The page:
Newspaper article The Canadian Press

Son Is Suspect in Slaying of New Brunswick Businessman Richard Oland: Documents

Newspaper article The Canadian Press

Son Is Suspect in Slaying of New Brunswick Businessman Richard Oland: Documents

Article excerpt

Son is suspect in Oland's slaying: documents

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SAINT JOHN, N.B. - The suspect in the slaying of New Brunswick businessman Richard Oland is his son Dennis, say search warrant documents that were executed in the investigation.

A Saint John, N.B., judge quashed on Friday a publication ban on the identities of those subject to the search warrants.

Dennis Oland's property in Rothesay, N.B., a suburb of Saint John, was searched after his father's death nearly two years ago.

In a document that was used to obtain the search warrant, a local police officer identified Dennis Oland as the suspect in the case.

"I believe that Dennis Oland is responsible for the death of Richard Oland," said Const. Stacy Humphrey in the sworn document dated July 13, 2011.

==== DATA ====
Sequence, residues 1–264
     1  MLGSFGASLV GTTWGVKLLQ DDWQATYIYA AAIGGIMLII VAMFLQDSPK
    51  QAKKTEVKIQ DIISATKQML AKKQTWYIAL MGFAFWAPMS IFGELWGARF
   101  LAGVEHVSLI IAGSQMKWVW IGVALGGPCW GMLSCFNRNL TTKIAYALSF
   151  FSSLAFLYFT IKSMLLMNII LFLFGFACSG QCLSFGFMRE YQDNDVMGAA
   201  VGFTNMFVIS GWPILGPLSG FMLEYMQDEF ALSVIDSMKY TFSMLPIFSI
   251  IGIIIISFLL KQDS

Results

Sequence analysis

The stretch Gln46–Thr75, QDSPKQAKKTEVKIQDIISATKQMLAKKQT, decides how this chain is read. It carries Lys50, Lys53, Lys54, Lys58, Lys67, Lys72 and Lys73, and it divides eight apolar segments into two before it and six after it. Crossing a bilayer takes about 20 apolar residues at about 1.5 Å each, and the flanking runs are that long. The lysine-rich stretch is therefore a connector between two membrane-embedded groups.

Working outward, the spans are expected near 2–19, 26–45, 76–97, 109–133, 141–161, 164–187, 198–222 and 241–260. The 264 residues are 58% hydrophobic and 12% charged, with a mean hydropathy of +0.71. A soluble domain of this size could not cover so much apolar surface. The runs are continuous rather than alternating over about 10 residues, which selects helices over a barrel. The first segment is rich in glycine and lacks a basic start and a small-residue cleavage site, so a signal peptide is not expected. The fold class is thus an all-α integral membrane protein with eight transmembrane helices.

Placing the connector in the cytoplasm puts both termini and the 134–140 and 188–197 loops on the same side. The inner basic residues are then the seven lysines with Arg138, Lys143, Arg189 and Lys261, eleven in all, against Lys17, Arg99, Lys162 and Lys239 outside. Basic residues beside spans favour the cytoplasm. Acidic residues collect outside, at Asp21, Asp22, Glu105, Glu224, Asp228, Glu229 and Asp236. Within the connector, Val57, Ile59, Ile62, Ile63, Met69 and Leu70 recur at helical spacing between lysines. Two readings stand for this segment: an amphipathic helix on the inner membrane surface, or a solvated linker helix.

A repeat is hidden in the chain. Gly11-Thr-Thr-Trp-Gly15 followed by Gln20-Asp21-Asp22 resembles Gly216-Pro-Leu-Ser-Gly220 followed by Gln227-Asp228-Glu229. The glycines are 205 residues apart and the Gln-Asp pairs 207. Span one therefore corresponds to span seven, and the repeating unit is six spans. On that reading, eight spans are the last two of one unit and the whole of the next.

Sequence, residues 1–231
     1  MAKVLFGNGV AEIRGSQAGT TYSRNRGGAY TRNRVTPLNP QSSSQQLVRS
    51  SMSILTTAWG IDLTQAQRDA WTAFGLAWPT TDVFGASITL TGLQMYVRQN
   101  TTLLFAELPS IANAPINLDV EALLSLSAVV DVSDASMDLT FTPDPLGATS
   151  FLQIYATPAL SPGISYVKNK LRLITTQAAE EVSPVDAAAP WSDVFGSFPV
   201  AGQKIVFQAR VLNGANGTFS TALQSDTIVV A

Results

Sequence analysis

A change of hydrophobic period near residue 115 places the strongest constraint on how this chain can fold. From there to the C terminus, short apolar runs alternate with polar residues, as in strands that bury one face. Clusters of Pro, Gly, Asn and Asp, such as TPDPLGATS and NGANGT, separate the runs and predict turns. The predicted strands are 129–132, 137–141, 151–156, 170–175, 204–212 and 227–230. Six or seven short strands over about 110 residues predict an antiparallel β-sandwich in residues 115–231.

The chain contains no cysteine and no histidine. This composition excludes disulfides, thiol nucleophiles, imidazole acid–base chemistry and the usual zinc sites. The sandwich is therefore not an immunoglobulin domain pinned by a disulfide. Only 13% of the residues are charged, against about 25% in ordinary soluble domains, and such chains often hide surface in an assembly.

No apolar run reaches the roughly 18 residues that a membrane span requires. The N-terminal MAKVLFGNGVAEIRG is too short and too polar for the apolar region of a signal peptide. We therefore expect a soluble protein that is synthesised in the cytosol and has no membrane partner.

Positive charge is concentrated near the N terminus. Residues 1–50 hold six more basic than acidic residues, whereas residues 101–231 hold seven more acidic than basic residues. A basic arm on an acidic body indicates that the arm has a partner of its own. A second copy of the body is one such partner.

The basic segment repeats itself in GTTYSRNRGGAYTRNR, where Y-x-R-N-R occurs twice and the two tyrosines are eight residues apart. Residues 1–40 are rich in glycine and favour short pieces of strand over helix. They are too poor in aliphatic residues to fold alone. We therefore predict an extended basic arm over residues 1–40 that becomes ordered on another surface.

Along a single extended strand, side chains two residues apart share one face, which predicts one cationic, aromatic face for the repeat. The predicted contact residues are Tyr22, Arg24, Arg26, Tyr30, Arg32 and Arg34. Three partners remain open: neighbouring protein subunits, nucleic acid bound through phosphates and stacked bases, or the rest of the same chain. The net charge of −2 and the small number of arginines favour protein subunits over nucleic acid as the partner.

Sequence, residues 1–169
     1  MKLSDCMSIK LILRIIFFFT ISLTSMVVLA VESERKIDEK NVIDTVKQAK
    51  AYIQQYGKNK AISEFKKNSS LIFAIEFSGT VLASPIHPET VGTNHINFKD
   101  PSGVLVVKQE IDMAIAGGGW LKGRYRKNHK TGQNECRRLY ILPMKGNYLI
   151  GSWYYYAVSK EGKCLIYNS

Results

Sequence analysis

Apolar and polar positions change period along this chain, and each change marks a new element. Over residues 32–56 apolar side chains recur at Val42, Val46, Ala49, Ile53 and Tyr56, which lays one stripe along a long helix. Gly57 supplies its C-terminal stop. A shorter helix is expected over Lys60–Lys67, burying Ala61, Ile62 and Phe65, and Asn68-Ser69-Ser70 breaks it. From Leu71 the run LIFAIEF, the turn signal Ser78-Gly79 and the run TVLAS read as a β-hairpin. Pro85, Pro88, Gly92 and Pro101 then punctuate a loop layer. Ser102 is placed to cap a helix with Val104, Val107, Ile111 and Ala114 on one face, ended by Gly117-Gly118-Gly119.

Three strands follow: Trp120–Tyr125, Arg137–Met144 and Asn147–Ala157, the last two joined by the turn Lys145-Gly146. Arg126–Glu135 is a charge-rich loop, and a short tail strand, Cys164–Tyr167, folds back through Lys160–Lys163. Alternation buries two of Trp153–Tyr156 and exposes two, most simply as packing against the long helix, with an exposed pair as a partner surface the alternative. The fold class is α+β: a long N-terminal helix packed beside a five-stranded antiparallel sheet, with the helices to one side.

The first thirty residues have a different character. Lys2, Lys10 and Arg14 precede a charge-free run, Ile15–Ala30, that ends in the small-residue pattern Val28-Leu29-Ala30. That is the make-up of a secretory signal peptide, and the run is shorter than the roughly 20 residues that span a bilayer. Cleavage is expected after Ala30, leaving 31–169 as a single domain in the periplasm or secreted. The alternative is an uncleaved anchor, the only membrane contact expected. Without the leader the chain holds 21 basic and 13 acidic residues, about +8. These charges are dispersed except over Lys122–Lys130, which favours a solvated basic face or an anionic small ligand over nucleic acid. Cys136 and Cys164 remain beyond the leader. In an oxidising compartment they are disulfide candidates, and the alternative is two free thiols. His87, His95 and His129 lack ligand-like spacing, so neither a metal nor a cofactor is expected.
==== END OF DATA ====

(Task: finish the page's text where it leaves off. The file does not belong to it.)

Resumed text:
Dennis Oland has not been charged and no arrests have been made since Oland was found dead.

Saint John police and the lawyer for Dennis Oland didn't return messages Friday seeking comment.

The search warrants showed that police seized 57 items from Dennis Oland's home. Those items include legal papers, bank statements, garbage bags, bedding, clothing, a purple purse and a "note in a purse."

The CBC and Brunswick News applied for the search warrants to be unsealed. Last October, portions of those search warrants were released, which said police had a suspect in mind who was "experiencing financial hardships" and owed Oland, 69, more than $500,000.

The documents also said police believe the suspect had a financial motive to kill Oland.

The two news outlets later asked the courts to unseal the identities of people who were subject to the search warrants, arguing the decision to keep that information under wraps was unreasonable because their names were previously reported.

Lawyers for the Oland family argued they were already subject to a great deal of media scrutiny, and while their names were already reported on prior to the publication ban, they felt they were entitled to privacy.

But in a decision released Friday, Judge William T. …

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